The original Power Instinct features a scant eight characters to choose from. The fighting engine feels a little off, and there are a number of quirks, most notably the floaty jumps. Although the character portraits look pretty decent, the ingame sprites are almost spectacularly ugly, especially in the case of Annie Hamilton. The only interesting bit are the barriers on each side of the fighting area – if you hit your opponent hard enough, you can knock them through, making a larger playing field. (This feature was later borrowed in Real Bout Fatal Fury.) All of the characters have double jumps and dashes, which does make the game feel a bit more versatile than other games from around the same time. Other than the granny, there aren’t any particularly interesting characters either. Given the rather weak introduction to the Power Instinct series, it’s easy to see why the rest of the world never warmed up to it.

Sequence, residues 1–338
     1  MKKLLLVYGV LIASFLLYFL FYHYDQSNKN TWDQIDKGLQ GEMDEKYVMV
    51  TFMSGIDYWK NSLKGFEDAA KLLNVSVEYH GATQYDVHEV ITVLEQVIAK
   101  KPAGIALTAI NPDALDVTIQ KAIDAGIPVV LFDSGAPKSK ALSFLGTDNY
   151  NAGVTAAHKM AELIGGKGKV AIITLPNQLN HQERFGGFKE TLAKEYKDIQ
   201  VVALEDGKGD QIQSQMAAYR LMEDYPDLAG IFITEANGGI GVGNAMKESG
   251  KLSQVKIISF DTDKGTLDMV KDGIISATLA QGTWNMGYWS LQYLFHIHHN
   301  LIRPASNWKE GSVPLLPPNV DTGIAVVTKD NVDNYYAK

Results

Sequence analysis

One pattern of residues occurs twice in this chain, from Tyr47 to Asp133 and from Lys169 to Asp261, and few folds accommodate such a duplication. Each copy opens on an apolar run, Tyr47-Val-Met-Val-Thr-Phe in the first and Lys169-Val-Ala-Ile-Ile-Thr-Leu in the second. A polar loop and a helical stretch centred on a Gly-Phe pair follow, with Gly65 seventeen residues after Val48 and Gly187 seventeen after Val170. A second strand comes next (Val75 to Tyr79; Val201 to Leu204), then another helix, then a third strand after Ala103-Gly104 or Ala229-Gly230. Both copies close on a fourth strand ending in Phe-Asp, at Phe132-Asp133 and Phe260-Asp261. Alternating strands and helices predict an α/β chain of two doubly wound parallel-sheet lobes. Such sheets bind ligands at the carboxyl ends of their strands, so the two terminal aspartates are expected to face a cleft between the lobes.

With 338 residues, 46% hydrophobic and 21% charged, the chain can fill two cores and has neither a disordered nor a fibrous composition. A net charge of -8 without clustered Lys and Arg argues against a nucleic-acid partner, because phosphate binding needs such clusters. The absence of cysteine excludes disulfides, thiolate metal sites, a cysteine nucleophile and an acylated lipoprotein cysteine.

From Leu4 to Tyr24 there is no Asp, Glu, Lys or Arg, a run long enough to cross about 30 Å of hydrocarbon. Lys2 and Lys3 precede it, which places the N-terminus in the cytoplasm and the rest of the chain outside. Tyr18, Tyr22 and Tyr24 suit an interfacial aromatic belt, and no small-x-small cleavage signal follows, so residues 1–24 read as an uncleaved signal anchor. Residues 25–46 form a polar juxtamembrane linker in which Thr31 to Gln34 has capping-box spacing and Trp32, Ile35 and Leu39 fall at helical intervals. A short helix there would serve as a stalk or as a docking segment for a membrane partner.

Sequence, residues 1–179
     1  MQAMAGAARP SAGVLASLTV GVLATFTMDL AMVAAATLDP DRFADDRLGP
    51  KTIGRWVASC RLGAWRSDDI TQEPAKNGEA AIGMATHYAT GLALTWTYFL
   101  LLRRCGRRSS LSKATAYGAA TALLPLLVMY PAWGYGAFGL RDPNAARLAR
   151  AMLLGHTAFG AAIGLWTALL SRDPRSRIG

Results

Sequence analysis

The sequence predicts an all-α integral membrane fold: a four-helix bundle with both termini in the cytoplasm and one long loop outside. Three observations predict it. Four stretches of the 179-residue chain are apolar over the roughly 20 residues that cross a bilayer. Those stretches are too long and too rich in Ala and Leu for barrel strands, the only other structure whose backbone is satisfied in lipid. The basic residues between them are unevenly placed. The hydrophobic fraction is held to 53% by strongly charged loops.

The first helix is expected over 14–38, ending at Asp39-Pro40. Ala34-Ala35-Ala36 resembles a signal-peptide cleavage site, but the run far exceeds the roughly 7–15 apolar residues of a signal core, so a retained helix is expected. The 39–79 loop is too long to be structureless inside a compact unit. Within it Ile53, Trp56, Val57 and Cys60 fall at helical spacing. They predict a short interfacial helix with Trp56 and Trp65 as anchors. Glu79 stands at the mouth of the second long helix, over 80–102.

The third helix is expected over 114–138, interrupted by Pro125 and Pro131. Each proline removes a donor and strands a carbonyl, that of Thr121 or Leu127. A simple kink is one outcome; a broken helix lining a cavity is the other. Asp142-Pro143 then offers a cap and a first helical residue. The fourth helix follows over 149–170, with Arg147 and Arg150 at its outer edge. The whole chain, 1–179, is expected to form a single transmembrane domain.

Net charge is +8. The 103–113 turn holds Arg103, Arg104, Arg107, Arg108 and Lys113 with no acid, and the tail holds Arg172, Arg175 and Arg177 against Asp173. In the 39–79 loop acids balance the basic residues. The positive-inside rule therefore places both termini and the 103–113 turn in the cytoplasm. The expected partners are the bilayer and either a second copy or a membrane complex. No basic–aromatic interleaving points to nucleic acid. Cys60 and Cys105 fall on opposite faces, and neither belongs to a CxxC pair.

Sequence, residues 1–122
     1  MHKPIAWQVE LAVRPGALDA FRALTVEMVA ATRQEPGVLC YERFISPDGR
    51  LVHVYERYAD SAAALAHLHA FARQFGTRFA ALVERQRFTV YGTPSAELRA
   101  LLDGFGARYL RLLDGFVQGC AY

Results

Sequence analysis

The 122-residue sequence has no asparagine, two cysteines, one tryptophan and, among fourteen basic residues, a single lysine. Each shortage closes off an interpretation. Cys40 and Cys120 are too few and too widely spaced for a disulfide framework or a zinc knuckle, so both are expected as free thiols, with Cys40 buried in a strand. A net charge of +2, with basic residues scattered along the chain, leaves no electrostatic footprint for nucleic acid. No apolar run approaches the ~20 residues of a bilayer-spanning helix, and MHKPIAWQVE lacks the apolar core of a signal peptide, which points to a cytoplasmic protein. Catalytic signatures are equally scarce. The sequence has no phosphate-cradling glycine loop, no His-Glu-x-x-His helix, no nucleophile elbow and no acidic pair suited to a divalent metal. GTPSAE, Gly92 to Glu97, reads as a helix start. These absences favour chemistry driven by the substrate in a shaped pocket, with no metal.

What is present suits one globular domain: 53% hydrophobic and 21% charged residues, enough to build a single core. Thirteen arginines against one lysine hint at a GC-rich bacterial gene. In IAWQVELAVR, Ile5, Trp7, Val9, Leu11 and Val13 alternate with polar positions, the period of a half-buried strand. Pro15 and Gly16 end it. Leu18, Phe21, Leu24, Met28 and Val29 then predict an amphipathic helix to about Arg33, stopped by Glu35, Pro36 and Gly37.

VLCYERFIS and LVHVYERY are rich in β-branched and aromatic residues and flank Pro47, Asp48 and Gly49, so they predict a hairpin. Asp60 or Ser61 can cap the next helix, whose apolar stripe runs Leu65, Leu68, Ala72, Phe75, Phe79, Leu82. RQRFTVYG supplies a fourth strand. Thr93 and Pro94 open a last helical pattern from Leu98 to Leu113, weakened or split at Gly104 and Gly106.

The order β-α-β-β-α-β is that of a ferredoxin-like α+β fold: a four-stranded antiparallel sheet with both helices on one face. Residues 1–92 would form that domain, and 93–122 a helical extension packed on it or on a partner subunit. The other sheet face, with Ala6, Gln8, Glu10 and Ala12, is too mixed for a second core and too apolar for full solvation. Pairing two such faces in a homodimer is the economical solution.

The Super Nintendo port is relatively decent, as least as far as 16-bit ports go. The Mega Drive version has lowered color depth and worse music, but still plays well. It also has a bizarre karaoke option that plays one of two songs and displays lyrics on the screen.